There have been changes that have reduced sexual harassment, and you can see the type of power structures in which it is more prominent; so you can see where the problems are, and from that you can see how to address the problems. However, it's not the economics alone, but also the social structures and cultural issues that arise, so good studies of this specific topic are going to be lacking and it will be difficult to quantify what is social, cultural, or economic when doing studies between systems in different countries.

The problem with Hollywood is the same as any other centralized industry - people like Harvey Weinstein, purely through wealth and the influence that brings, have massive influence over what films get made and who gets put in those films. If you want to fix that problem, you need to decentralize the industry and make it so no one person or small group of individuals controls the purse-strings. However, you can't fix the problem just by fixing one industry - the power of any worker is dependent on the power of all workers, and without addressing the greater wealth and income inequality issues, there would still be a lot of problems with exploitation.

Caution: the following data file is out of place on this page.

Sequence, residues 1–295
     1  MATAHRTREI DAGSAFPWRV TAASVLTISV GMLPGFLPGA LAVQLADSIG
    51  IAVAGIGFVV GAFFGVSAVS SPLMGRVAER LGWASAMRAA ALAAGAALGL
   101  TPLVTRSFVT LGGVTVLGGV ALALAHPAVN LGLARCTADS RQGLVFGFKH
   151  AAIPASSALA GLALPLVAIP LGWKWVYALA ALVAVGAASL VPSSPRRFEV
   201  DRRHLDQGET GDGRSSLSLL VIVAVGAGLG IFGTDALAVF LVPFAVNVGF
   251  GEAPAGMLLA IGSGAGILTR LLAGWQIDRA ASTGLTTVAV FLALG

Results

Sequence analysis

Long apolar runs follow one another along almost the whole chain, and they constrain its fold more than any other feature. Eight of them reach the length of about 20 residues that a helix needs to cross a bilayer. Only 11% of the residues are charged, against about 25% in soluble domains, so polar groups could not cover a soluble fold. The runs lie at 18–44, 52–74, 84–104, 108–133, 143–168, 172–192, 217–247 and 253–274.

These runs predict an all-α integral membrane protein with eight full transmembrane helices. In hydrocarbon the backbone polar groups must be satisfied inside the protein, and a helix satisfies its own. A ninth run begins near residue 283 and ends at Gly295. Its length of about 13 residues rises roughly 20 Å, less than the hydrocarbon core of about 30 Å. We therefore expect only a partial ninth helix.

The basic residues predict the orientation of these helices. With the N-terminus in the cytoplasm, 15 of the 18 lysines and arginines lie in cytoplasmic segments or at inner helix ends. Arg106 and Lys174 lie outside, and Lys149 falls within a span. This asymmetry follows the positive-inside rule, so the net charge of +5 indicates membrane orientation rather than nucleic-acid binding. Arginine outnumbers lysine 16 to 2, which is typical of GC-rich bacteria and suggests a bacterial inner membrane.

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Re: Sexual Harrassment Epidemic

Postby The Great Hippo » Tue Dec 26, 2017 3:51 am UTC

Thesh wrote:If you want to fix that problem, you need to decentralize the industry and make it so no one person or small group of individuals controls the purse-strings.
This is, to me, the most relevant bit; you can talk about alternative systems as much as you like, but capitalism -- with its ability to consolidate excessive power and *keep* it -- is here to stay, at least for now. The only way you can address these excesses is by either 1) Taking away Weinstein's absurd power, 2) Empowering people so they don't need Weinstein's power, or 3) Both.